Tagged With tim berners-lee


How do you sing happy birthday to a computer? Or, more specifically, how do you sing happy birthday to a system of hyperlinked files accessible, by the internet, that live inside your computer (and phone, and tablet, and so on)? It is, after all, the World Wide Web's 25th birthday.


Once upon a time, Tim Berners-Lee took the concept of Hypercard and turned it into a world of networked pages. Then there was the first website ever -- a boring but clean and well-lit place that started with the title "World Wide Web".


Yesterday's Olympic opening ceremony was a hallucinatory ode to western history, questionable British music, a giant baby, David Beckham's body, and -- amid the athletic sprawl -- one of the greatest geeks of all time.


Tim "I helped invent the Internet" Berners-Lee testified before a federal jury earlier this week, tearing into the validity of a key patent Eolas Technologies' was exploiting to sue multiple web companies for $US600 million. He must have been persuasive because the court took mere hours to reach its decision.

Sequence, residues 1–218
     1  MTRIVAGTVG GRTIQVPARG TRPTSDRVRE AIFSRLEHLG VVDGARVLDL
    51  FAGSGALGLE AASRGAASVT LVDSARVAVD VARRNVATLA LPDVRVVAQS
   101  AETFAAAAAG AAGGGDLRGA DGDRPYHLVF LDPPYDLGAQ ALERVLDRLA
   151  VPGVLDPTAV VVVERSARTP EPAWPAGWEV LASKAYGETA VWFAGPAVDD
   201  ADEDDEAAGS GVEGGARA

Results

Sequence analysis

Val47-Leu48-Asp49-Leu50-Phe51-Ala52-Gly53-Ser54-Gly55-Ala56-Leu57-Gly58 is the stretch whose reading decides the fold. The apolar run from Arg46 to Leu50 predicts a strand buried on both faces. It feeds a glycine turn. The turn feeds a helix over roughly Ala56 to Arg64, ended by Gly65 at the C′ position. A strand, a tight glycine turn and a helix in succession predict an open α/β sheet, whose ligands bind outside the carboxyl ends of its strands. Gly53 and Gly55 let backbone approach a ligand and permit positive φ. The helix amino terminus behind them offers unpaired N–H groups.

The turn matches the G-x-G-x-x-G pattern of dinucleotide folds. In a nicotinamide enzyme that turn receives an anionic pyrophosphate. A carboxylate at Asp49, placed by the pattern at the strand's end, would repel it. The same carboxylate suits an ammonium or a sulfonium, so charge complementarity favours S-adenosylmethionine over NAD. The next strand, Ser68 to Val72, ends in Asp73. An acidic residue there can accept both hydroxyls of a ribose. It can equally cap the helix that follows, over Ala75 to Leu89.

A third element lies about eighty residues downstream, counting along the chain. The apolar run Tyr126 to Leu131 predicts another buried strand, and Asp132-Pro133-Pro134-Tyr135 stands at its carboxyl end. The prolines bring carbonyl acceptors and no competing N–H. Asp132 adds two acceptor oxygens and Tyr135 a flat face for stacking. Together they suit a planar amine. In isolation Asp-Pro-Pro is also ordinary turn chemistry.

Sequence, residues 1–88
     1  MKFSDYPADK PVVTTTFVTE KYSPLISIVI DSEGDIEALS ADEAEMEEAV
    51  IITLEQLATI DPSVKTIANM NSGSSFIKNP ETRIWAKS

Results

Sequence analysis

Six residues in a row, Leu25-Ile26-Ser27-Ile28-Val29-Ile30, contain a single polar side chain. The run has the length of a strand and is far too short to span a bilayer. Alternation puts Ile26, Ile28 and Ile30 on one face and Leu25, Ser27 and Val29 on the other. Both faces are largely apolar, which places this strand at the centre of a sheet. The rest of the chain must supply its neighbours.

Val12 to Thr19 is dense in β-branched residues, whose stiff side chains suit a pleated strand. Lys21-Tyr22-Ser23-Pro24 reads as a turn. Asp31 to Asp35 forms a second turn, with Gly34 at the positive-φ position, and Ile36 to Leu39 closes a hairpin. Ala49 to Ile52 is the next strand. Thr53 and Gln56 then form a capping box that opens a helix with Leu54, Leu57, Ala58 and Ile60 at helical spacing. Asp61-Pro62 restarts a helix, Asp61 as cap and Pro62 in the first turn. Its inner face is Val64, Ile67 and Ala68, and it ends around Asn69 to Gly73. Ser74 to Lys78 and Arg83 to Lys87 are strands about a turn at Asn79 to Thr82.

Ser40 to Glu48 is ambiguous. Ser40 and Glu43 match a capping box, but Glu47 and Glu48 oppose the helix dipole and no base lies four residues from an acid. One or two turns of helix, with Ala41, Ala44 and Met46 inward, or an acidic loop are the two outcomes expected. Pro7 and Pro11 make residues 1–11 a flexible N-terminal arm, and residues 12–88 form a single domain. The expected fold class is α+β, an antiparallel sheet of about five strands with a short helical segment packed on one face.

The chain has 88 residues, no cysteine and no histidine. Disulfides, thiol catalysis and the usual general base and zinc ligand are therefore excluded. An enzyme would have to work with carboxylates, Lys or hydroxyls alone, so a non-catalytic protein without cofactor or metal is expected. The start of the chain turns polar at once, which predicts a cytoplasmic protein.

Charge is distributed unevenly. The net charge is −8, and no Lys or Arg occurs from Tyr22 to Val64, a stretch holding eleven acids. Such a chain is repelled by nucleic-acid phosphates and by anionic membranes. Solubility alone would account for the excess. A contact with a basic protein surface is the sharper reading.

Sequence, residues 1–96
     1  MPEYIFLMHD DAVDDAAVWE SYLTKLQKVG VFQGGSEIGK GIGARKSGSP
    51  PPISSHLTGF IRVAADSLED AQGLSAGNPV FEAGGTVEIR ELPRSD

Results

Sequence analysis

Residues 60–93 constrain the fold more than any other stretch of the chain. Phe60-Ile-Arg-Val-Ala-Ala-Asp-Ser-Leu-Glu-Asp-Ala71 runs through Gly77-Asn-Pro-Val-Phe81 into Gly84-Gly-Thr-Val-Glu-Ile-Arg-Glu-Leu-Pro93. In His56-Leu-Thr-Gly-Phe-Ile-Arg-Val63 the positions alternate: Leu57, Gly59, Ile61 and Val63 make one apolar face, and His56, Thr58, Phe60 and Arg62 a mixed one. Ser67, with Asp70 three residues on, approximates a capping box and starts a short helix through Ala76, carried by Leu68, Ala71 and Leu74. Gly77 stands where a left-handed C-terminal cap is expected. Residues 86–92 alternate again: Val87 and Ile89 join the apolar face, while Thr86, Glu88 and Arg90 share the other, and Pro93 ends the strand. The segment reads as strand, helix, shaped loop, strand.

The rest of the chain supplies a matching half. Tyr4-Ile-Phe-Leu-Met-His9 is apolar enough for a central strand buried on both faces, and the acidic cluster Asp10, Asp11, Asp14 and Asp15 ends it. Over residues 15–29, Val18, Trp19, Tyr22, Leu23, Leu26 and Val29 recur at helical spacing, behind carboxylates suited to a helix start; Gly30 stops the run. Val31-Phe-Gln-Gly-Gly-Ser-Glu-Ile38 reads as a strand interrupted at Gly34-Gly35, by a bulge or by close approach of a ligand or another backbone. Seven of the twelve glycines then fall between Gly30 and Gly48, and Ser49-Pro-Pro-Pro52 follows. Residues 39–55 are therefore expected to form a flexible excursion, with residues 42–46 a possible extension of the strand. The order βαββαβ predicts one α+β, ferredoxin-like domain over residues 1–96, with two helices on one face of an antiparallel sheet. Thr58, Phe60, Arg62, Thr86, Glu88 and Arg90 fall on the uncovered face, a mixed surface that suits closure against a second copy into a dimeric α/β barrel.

Tim Berners-Lee cites this spot (specifically that plaque on the wall!) at CERN to be the birthplace of the world wide web. Note the series of tubes on the ceiling. Those played a critical role, I understand.


It's confirmed: the Queen loves the Web. And we have definitive proof. Two, actually. First, Her Majesty has just awarded the Order of Merit to Sir Tim Berners-Lee. That's the most exclusive club in Britain, chaps. It's limited to 24 living members and getting that funny cross is a personal decision by The Lady herself, not advised by any institution.

I don't know what they do when they all meet, probably have tea, plumcake and watch videos of English BDSM, but when you learn that Winston Churchill and Bertrand Russell were members, you get the idea of how important this is for good ole Liz.

Second and definitive proof: we got an exclusive GizmodoShotâ„¢ of the Queen using a MacBook reading her favorite blog, right after the jump.